Almost all patients continue to get opioid prescriptions after overdose

December 28, 2015

More than 90 percent of patients with chronic pain continue to receive prescription opioids after an overdose and are at high risk for experiencing a repeated overdose, according to an article published in Annals of Internal Medicine.

Nonfatal opioid overdose is an opportunity to identify and treat substance use disorders, but treatment patterns after the overdose are unknown. Utilizing Optum, a large national commercial insurance claims database with data on 50 million individuals over a 12 year period, researchers identified nearly 3,000 patients who experienced a nonfatal overdose while taking opioids prescribed for chronic pain. The data showed 91 percent of those patients continued to be prescribed opioids after the overdose. In addition, 70 percent received prescriptions from the same provider who prescribed them opioids before their initial overdose. At two years follow up, patients who continued taking high dosages of opioids were twice as likely to have another overdose compared to those who discontinued opioid use after the overdose.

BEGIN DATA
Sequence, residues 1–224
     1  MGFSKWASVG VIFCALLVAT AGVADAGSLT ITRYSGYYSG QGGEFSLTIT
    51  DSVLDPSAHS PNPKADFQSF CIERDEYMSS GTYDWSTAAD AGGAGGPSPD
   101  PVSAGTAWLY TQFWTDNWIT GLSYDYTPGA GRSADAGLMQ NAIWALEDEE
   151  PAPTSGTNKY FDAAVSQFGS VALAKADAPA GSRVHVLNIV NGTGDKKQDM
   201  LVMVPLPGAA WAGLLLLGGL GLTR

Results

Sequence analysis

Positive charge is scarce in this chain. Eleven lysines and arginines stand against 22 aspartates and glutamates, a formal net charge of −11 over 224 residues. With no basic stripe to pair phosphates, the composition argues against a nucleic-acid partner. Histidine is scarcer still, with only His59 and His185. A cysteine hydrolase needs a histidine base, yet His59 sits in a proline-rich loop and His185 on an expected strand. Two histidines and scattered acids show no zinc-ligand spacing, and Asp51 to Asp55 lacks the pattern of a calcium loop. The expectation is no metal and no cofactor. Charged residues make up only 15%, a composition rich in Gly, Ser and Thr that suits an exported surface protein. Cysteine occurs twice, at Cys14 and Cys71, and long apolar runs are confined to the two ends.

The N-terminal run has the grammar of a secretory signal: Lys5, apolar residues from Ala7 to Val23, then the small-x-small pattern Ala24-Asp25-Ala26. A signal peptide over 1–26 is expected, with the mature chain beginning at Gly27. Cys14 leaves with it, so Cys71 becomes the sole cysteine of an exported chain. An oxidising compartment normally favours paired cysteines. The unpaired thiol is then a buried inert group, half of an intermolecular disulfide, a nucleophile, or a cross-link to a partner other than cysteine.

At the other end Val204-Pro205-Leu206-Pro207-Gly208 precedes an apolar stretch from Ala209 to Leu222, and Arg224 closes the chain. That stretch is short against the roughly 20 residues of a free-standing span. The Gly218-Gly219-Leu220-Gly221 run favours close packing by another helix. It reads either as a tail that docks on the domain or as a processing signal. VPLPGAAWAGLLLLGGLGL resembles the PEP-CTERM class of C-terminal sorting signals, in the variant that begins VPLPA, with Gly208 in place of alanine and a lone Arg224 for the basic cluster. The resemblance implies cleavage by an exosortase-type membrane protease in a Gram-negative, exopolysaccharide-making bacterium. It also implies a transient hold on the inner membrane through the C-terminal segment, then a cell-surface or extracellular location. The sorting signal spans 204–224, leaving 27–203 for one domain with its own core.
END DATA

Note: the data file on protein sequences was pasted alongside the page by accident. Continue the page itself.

According to the authors, the findings highlight the challenges faced by physicians to balance the known risks with potential benefits of prescription opioids for patients with chronic pain. They say their research reinforces the importance of developing tools that will help better identify and treat patients at risk for opioid use disorders and/or overdose.
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Abstract: http://www.annals.org/article.aspx?doi=10.7326/M15-0038
URL live when embargo lifts

Note: For an embargoed PDF, please contact Cara Graeff. To interview the lead author, please contact Ellen Slingsby at ellen.slingsby@bmc.org or 617-638-8489.

American College of Physicians

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